Louis Abel-Truchet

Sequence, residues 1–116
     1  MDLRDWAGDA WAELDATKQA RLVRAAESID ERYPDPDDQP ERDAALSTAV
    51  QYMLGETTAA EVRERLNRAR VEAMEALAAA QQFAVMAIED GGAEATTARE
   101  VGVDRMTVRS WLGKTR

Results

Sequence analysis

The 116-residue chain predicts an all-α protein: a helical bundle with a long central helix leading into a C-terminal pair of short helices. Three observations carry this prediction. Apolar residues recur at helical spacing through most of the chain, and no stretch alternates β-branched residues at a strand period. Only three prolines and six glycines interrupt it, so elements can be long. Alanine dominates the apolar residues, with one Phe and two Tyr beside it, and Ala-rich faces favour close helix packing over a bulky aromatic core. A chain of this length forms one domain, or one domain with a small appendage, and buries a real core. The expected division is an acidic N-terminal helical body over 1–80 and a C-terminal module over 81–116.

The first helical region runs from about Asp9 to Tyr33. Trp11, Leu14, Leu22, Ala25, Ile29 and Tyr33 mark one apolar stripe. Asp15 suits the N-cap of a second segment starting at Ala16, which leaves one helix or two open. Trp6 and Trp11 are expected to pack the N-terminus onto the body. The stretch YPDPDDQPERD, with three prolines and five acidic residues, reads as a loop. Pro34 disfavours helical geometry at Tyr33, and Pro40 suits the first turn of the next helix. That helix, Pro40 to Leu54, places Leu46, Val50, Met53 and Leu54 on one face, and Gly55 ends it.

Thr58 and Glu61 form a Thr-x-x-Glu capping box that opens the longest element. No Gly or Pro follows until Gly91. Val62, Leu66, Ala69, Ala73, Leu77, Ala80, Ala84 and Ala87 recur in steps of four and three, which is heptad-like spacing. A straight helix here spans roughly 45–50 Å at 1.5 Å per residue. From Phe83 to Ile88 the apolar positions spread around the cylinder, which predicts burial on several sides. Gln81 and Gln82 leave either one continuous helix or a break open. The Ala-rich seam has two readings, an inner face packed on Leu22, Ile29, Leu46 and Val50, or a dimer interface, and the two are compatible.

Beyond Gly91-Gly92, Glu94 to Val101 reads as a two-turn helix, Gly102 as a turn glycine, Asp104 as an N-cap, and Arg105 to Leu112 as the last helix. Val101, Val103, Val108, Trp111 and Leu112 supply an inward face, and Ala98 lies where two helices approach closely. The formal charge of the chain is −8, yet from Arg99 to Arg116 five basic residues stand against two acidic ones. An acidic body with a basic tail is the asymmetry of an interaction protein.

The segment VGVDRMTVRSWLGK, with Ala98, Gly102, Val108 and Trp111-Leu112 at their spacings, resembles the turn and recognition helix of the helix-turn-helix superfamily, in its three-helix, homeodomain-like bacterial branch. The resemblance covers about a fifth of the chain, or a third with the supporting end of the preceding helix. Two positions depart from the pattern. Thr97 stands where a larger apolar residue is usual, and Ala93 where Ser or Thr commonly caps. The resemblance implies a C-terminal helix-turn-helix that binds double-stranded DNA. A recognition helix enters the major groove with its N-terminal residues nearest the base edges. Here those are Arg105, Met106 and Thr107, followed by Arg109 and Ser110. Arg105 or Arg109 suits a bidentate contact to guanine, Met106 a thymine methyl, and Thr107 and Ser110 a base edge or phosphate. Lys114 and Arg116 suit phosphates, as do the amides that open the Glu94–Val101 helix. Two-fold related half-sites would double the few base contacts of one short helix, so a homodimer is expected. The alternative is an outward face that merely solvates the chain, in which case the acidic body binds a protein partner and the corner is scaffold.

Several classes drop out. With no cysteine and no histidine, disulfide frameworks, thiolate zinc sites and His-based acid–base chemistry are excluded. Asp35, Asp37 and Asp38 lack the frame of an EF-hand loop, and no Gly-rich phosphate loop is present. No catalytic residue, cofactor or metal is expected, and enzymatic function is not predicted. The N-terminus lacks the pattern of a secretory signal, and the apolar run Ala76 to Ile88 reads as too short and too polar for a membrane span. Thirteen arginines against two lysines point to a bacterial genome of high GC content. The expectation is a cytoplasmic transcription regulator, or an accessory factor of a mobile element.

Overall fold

Louis Abel-Truchet was born in Versailles, France in 1857. He was a French painter and poster artist, best known for his landscapes, genre scenes, and his depictions of the Parisian nightlife. Louis-Truchet studied under Jean-Joseph Benjamin-Constant and Jules Lefebvre at the Academie Julien in Paris. He was one of the first exhibitors at the Salon d’Automne in 1903 and in 1907, created the “Societe des Humoristes” with Louis Vallet. In 1910, he became a member of the Societe Nationale des Beaux-Arts and was named a Knight in the Legion of Honour the following year. During WWI, he served as a volunteer and was appointed an assistant to the artist Guirand de Scevola who headed the Camouflage Division. Louis-Truchet originally worked in Paris to organize the central workshop and continued working as an artist drawing caricatures for Le Petit Journal. Shortly before the end of the war, he was wounded and died at a military hospital in Auxerre. In 1919, his works were part of an exhibit at the Salon d’Automne which honored artists who had died during the war. Following his death, his widow Julia Abel-Truchet who was also a painter took over his Montmartre workshop and became a portrait painter.